Copy Constructor and operator=

14 05 2011

It turns out that there are two types of constructors the compiler can generate automatically. We already saw how the compiler will supply a default (zero-arg) constructor if the programmer does not specify one. This default constructor will call each data member’s default constructor in order to initialize the object. If the programmer wishes to override that default constructor, he or she simply provides one. There is another type of constructor which the compiler generates — it is called a copy constructor, and it’s called whenever an object needs to be constructed from an existing one. Suppose we had a class to encapsulate strings, and we call this class MyString1 . It might include such data members as the length of the string as well as the characters which would be in the string.

class MyString
{
	public:
		MyString(const char* s = "");
		~MyString(void);
	...
	private:
		int length;
		char* str;
};

For this example, we’ll assume that the MyString constructor will allocate space for the
characters, and the destructor will free that space. The copy constructor may be called when doing simple initializations of a MyString object:

	MyString me("Jerry");
	MyString clone = me; // copy constructor gets called.

More importantly, the copy constructor is called when passing an object by value, or
returning an object by value. For instance, we might have a function which opens a file:

void OpenFile(MyString filename)
{
	// Convert the object to a character string, open a stream...
}

We might declare a string and call the OpenFile function like this:

	MyString name(“flights.txt”);
	OpenFile(name);

When passing the name object, the copy constructor is called to copy the MyString object
from the calling function to the local parameter in the OpenFile function. Because we did not specify a copy constructor, the default copy constructor is called.

Default Copy Constructor

The default copy constructor does a member-wise copy of an object. For our MyString class, the default copy constructor will copy the length integer and the characters pointer. However, the characters themselves are not copied. This is called a shallow copy, because it only copies the data one level deep in a class hierarchy. In memory, what we’d have would look like this:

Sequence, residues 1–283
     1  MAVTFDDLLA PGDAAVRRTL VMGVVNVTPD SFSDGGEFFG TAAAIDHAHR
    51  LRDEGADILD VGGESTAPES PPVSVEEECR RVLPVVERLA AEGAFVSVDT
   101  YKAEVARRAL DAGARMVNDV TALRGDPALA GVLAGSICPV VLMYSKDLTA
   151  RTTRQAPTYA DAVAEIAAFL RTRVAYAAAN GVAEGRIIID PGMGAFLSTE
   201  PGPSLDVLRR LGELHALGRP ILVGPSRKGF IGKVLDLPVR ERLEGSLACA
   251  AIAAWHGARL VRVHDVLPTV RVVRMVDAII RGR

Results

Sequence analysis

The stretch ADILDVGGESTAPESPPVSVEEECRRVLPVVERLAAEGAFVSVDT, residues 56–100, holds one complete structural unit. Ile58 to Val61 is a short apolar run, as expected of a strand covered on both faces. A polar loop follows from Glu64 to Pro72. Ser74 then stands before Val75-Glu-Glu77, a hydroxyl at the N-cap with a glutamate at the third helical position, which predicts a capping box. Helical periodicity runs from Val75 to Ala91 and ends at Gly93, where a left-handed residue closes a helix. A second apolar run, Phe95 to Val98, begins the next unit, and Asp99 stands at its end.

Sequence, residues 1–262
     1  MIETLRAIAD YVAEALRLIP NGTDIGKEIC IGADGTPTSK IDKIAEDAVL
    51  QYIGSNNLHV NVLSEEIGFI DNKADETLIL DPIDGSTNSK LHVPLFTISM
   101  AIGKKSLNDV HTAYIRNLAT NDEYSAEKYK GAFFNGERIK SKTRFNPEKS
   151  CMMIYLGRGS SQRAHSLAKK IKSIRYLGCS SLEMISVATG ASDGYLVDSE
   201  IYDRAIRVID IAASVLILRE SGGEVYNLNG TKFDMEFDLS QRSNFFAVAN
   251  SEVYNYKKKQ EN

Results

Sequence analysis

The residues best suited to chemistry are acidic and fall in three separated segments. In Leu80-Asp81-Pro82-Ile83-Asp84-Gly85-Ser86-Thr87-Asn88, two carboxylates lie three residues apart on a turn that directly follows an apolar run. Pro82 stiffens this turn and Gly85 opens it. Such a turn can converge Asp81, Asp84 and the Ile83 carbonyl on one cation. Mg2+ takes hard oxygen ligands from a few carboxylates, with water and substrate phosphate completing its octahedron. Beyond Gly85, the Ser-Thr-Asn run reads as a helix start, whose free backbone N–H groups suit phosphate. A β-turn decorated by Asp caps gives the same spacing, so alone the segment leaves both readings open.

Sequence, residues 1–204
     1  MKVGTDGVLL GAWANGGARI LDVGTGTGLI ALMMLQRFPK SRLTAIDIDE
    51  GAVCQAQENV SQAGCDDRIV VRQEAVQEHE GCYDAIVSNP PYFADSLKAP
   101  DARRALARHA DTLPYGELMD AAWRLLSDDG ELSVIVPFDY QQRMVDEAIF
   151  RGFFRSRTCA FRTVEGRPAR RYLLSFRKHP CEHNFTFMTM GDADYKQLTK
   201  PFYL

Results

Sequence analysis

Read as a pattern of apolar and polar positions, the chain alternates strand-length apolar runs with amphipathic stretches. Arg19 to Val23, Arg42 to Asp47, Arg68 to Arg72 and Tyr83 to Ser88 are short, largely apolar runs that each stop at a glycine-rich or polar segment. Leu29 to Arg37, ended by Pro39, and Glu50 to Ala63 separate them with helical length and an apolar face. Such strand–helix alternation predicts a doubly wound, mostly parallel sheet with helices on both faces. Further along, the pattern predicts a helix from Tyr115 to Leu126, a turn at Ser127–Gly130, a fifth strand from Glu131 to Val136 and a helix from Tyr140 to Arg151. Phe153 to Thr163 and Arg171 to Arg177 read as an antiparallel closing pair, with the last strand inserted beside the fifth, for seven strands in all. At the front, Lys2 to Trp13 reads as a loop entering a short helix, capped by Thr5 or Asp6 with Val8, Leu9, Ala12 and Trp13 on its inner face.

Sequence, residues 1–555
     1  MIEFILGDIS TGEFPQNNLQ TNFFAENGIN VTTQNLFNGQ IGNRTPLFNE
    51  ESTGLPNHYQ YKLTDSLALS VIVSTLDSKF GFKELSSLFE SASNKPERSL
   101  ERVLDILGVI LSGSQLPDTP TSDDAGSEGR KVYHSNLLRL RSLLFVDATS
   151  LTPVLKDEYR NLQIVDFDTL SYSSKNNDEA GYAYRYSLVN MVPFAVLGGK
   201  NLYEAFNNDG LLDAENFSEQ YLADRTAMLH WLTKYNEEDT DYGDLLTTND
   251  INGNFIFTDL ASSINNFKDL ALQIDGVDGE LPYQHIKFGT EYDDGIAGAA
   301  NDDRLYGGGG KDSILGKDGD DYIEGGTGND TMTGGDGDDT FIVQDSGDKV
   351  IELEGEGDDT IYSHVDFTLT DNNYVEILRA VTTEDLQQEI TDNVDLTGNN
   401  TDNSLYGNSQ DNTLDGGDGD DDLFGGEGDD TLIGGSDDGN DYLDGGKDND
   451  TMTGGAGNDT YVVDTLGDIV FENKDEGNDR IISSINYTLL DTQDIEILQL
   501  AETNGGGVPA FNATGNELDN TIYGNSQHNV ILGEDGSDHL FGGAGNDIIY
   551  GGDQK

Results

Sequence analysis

This causes a problem because now the characters data is shared by the two objects. If we changed any of the characters within the filename object, it would change the characters in the name as well. What’s worse is that after the OpenFile function exits, the MyString destructor is called on the filename object, which frees the characters data member. Now the name object has a characters data member which is invalid!

What We Want: The Deep Copy

In order to avoid potential disasters like this, what we want is a deep copy of the
MyString object. We want a copy of the length, and we want a copy of the entire str data member — not just a copy of the pointer. What we want is a picture in memory which looks like this:

Now we can manipulate the characters within the filename object and not affect the original name object. When the character array within the copy is freed on exit the OpenFile function, the original MyString object is still going strong.

Declaring a Copy Constructor

In order to provide deep-copy semantics for our MyString object, we need to declare our own copy constructor. A copy constructor takes a constant reference to an object of the class’ type as a parameter and has no return type. We would declare the copy constructor for the MyString within the class declaration like this:

class MyString
{
	public:
		MyString(const char* s = ““);
		MyString(const MyString& s);
	...
};

We might implement the copy constructor like this:

MyString::MyString(const MyString& s)
{
	length = s.length;
	str = new char[length + 1];
	strcpy(str, s.str);
}